Governor’s Four-Months-Late Budget Proposal Adopts Bev Perdue ‘Spend Now, Pray Later’ Strategy
Cooper ups spending by over half-billion dollars despite warnings from nonpartisan experts
The ‘spend now, pray later’ budget strategy caused teacher layoffs and salary cuts when the last Dem governor tried it
Raleigh, N.C. — Despite warnings from the state’s nonpartisan fiscal experts, Gov. Roy Cooper’s four-months-late budget proposal increases spending by over half a billion dollars.
In a joint statement, Senate budget writers Sens. Harry Brown (R-Onslow), Kathy Harrington (R-Gaston), and Brent Jackson (R-Sampson) said, “This ‘spend now, pray later’ budget strategy resulted in teacher salary cuts and layoffs when the last Democratic governor tried it. The Governor is ignoring warnings from nonpartisan budget experts so he can produce a four-months-late budget proposal that reads more like a prop from an episode of ‘Veep.’”
Yesterday, the state’s nonpartisan fiscal experts shared a lengthy analysis with lawmakers about an unexpected and highly unstable tax “over collection” of $457 million.
According to the state’s nonpartisan budget staff, “Most of the over collection was due to a lower-than-expected shift in income tax payments due to the movement of the payment deadline from April 15 to July 15…This amount would not be recurring and it may put negative pressure on the 2020–21 [revenue] forecast.”
In other words, the state’s nonpartisan fiscal experts expected more people to pay their taxes after April 15 this year because the tax deadline was extended by three months. But fewer people ended up paying later, which means the state collected some money last year that economists predicted would actually come in this year.
This does not mean the state has more money to spend. It means the state likely took in some money last year that it won’t take in this year.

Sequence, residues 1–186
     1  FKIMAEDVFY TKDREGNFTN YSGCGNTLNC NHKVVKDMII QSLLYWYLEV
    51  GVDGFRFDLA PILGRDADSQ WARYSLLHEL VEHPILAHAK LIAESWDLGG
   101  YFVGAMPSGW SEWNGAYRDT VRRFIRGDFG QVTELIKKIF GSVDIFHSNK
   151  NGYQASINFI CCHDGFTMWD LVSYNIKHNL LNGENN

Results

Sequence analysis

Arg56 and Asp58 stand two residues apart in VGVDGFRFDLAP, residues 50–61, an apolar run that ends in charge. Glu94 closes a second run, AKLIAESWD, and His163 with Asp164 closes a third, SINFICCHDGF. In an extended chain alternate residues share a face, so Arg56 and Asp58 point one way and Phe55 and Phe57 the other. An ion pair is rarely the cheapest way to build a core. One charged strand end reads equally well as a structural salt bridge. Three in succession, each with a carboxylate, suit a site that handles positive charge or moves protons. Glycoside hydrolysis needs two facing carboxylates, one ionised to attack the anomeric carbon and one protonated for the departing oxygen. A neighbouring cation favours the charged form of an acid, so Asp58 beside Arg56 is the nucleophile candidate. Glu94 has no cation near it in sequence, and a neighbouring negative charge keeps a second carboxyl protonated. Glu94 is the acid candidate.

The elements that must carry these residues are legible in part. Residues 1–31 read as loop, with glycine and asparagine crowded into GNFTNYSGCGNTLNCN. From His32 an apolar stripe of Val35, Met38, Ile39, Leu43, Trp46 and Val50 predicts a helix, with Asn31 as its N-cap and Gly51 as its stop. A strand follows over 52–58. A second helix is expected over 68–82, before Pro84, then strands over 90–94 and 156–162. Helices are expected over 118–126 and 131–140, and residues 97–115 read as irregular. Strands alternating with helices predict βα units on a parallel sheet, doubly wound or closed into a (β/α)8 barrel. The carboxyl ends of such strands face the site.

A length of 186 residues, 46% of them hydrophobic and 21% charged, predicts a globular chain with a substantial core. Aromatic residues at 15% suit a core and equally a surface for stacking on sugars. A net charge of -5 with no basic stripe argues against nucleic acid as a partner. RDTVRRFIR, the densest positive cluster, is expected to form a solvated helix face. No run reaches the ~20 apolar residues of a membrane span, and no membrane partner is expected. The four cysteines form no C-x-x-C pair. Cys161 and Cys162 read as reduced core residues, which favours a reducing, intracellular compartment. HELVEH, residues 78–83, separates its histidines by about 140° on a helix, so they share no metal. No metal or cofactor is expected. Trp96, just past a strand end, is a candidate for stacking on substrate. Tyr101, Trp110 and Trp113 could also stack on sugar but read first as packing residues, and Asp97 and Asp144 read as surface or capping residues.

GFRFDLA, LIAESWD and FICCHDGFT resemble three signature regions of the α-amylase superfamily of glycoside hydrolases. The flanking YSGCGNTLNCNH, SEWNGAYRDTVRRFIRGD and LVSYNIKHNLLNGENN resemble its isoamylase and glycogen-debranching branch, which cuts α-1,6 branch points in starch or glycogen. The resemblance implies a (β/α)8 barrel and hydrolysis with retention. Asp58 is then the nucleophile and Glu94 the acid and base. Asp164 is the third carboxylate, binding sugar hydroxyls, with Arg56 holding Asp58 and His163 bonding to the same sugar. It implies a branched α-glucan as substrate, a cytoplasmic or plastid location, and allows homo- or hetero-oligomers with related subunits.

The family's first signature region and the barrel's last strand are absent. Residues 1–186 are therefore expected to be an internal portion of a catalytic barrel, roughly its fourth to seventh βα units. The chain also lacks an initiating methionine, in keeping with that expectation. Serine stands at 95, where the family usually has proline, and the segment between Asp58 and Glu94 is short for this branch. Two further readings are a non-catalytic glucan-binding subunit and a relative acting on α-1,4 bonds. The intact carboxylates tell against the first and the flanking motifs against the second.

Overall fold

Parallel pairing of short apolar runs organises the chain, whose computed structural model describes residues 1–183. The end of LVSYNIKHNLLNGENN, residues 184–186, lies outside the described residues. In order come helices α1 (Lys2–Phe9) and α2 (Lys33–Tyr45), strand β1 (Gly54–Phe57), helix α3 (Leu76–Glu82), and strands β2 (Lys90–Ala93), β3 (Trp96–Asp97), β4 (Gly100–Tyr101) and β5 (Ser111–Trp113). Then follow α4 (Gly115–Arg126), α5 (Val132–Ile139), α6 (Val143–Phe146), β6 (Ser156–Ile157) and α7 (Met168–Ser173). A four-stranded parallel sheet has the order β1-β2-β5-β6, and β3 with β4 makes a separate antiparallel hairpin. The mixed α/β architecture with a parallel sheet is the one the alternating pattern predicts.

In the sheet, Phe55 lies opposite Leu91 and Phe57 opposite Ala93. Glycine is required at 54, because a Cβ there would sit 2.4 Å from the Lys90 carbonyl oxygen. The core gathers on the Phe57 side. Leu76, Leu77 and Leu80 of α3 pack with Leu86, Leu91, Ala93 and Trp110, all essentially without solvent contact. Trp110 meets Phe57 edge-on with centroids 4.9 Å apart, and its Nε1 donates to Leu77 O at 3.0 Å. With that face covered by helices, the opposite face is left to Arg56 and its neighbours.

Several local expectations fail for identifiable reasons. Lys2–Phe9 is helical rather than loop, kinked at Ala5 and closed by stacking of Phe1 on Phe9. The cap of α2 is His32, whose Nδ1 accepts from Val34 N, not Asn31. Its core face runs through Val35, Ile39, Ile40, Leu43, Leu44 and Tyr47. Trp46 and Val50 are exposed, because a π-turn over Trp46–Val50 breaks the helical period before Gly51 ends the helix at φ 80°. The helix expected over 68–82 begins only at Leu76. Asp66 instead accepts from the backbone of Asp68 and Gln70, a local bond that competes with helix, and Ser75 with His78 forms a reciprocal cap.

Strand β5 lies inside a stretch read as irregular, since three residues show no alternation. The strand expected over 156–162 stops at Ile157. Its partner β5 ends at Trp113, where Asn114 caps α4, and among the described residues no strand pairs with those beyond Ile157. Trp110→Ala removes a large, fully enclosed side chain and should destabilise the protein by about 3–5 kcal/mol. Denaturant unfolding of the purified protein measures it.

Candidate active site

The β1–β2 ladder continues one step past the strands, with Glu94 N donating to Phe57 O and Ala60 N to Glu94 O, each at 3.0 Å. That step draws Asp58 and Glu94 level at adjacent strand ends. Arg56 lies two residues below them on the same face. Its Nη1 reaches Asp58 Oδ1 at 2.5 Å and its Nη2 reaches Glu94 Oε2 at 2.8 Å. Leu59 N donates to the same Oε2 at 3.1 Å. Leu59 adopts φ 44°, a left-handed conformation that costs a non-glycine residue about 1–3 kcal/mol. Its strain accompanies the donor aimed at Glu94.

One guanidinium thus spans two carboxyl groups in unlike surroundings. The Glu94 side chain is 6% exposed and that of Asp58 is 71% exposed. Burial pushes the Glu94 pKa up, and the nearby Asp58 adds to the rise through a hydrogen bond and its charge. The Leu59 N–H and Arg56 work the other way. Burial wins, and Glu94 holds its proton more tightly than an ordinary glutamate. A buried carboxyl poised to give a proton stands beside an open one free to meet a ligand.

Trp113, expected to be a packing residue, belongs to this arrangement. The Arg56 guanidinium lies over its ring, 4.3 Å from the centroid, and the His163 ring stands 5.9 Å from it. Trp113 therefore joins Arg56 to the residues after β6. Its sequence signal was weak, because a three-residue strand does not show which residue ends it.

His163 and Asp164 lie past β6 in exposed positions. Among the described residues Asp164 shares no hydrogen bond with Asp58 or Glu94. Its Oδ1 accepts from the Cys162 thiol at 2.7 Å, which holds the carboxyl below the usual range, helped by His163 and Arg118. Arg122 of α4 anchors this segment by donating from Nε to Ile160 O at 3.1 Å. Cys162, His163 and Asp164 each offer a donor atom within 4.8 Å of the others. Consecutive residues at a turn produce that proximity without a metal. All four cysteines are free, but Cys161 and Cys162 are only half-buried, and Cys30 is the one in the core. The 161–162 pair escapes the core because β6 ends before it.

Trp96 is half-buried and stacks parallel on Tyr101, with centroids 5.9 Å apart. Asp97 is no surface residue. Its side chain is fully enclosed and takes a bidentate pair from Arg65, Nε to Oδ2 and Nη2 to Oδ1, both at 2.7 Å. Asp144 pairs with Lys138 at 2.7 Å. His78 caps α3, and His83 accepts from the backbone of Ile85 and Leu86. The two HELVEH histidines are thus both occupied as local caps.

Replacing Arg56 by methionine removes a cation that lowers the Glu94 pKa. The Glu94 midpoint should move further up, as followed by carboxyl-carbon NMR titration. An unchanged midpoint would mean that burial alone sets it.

But Gov. Cooper’s four-months-late budget proposal spends every single penny of the $457 million despite clear warnings from the state’s nonpartisan fiscal experts.
Sen. Warren Daniel (R-Burke) said, “When my small business’s accountant tells me some money on the balance sheet might disappear next month, I don’t run out and spend it. Gov. Cooper’s ‘spend now, pray later’ proposal could very well result in teacher layoffs next year. That’s exactly what happened to former Democratic Gov. Bev Perdue.”
Read the full report the state’s nonpartisan fiscal experts shared with legislators below:
“We wanted to make you aware that the State over-collected on its projected revenue undercollections at the end of FY 2019–20. In other words, even though revenues were down in FY 2019–20, the State collected more than was projected relative to the May 2020 Revenue Forecast. Without a revised consensus revenue forecast, the overcollections have added $457 million to the estimated FY 2020–21 year-end unappropriated balance.
“Obviously, the $457 million estimate is a substantial increase over the June 2020 estimated unappropriated balance. However, we believe that there are multiple considerations to contemplate about this revision:
“Tax Shift — Barry Boardman has estimated that most of the FY 2019–20 over collections was due to a lower than expected shift in income tax payments due to the movement of the payment deadline from April 15th to July 15th. As we understand it, this amount would not be recurring and it may put negative pressure on the FY 2020–21 forecast. The FY 2020–21 forecast included approximately $1 billion in one-time revenue due to this shift.
“Structural Budget Challenges — Most of the items funded in this session’s appropriations bills funded recurring program needs on a one-time basis, primarily from fund balances or the CRF. Any additional appropriations from a one-time source for recurring types of programs would exacerbate what we believe to be a $2-$3 billion structural imbalance.
“Overall Revenue Uncertainty — As Barry explained last week, “we are still facing significant economic uncertainty along with new uncertainty about federal policy and the Fiscal Research Division does not expect to have the information necessary to issue a revised, line-item forecast until late September.” The $457 million estimated unappropriated balance is predicated on the accuracy of the revenue forecast in a time of unprecedented economic tumult. We would advise to treat this estimate with caution, considering these unusual circumstances.”